The Oakland Athletics have filed suit demanding state regulators crack down on a metal shredding business next to a proposed Howard Terminal waterfront, saying that the state fails to prevent toxic emissions affecting the entire area.
Schnitzer Steel isn’t named in the suit, but it’s the ultimate target of the lawsuit. The A’s want the California Department of Toxic Substances Control to enforce state law and prevent toxic emissions caused by fires at the metal-shredding site. The A’s are pitching a mixed-use development complex on the Howard Terminal waterfront featuring a new ballpark, but the site has traditionally been an industrial site. Schnitzer Steel, as well as other shipping and industrial firms in the area, have filed suit against the city and the A’s to prevent the Howard Terminal waterfront development.
It’s a complex issue. On the one hand, the Athletics are proposing a dramatic reimagining of the Oakland waterfront, seeking to move past its industrial uses with the mixed-use development, but having a metal-scrapping site operating at the same time the A’s are playing night games does impact the fan experience. The industrial firms, meanwhile, say that the location makes it a perfect site for its current uses, and displacing those firms means losing solid middle-class jobs. Basically, it’s a gentrification battle writ large.
A’s president Dave Kaval positions the lawsuit as transcending the A’s efforts to build a waterfront ballpark, saying that it’s meant to help city residents: “This is a regulatory failure, it’s wrong, it needs to stop. We feel a sense of responsibility to take action to make sure laws are enforced,” he said in a local newspaper interview. He does have a point: West Oakland residents have been diagnosed with higher incidents of respiratory issues because of proximity to the waterfront businesses. But make no mistake: this was a warning shot against Schnitzer Steel, which the firm acknowledges:
Colin Kelly, director of public affairs at Schnitzer Steel, said the lawsuit is “nothing more than an acceleration of the A’s efforts to dismantle the Port of Oakland to make room for their waterfront stadium and luxury housing development.”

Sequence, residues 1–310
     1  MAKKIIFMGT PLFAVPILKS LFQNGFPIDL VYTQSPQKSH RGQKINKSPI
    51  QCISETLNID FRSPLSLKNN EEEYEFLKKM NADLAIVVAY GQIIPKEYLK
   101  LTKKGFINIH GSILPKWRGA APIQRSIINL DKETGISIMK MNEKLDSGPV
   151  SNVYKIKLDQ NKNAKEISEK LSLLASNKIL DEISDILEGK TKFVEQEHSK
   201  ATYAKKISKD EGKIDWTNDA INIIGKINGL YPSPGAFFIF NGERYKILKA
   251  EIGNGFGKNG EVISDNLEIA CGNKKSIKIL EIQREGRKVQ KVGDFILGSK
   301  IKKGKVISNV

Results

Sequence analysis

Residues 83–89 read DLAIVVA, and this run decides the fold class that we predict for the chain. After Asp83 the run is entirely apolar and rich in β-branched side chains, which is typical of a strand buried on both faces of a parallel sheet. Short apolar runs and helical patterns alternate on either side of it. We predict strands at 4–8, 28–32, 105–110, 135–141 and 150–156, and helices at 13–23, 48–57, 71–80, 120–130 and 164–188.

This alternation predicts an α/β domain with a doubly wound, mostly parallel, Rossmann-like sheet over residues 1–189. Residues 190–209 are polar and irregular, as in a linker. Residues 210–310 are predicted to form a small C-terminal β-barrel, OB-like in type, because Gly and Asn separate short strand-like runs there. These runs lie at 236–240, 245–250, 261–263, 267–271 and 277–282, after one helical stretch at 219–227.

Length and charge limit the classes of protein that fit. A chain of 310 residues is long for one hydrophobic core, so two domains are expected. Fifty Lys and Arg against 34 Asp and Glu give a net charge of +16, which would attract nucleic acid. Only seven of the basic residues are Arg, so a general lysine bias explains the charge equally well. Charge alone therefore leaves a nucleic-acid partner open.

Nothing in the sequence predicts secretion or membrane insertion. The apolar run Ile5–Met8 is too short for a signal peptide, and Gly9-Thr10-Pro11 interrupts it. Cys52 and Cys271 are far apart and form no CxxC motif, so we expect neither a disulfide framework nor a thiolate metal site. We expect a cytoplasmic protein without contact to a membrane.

“The men and women that work at the Port have been clear that the A’s plan is incompatible with their work and will put at risk many of the last high-paying, blue collar jobs held by local Black residents in Oakland,” Kelly said in a statement. “Suing the state agency that regulates industrial businesses is an attempt by the A’s to distract from the lack of information and accountability they have demonstrated in their planning for a commercial real estate development at the working waterfront.”
There may be an inadvertant truth portrayed here: placing a ballpark and a mixed-use development at Howard Terminal means some tremendous displacement and some huge changes to a large industrial and shipping area. The community relies on the good middle-class jobs created by these firms, and however cool the prospect is of gentrifying what could be a scenic area, this gentrification will be opposed by many different groups for many different reasons–and given the regulatory and legal frameworks at work in Oakland and California, the new development may not be worth the effort in the long run.
The A’s have been working on two tracks in an effort for a new ballpark, planning a Howard Terminal project while also working on a potential acquisition of the Oakland Coliseum site. Acquiring the Coliseum site, which includes both the ballpark and the Oakland Arena, would give the A’s some options. The team had been promoting a plan for a privately financed ballpark a the downtown waterfront Howard Terminal site, and a key economic component of that plan was generating future revenue from a redeveloped Coliseum site. But earlier this summer the Athletics said the Howard Terminal plan may end up being delayed or even scrapped, which could launch a new plan to build a new ballpark next to the Coliseum, tear down the Coliseum and then redevelop the area with mixed-use amenities, dropping the notion of a sports park.
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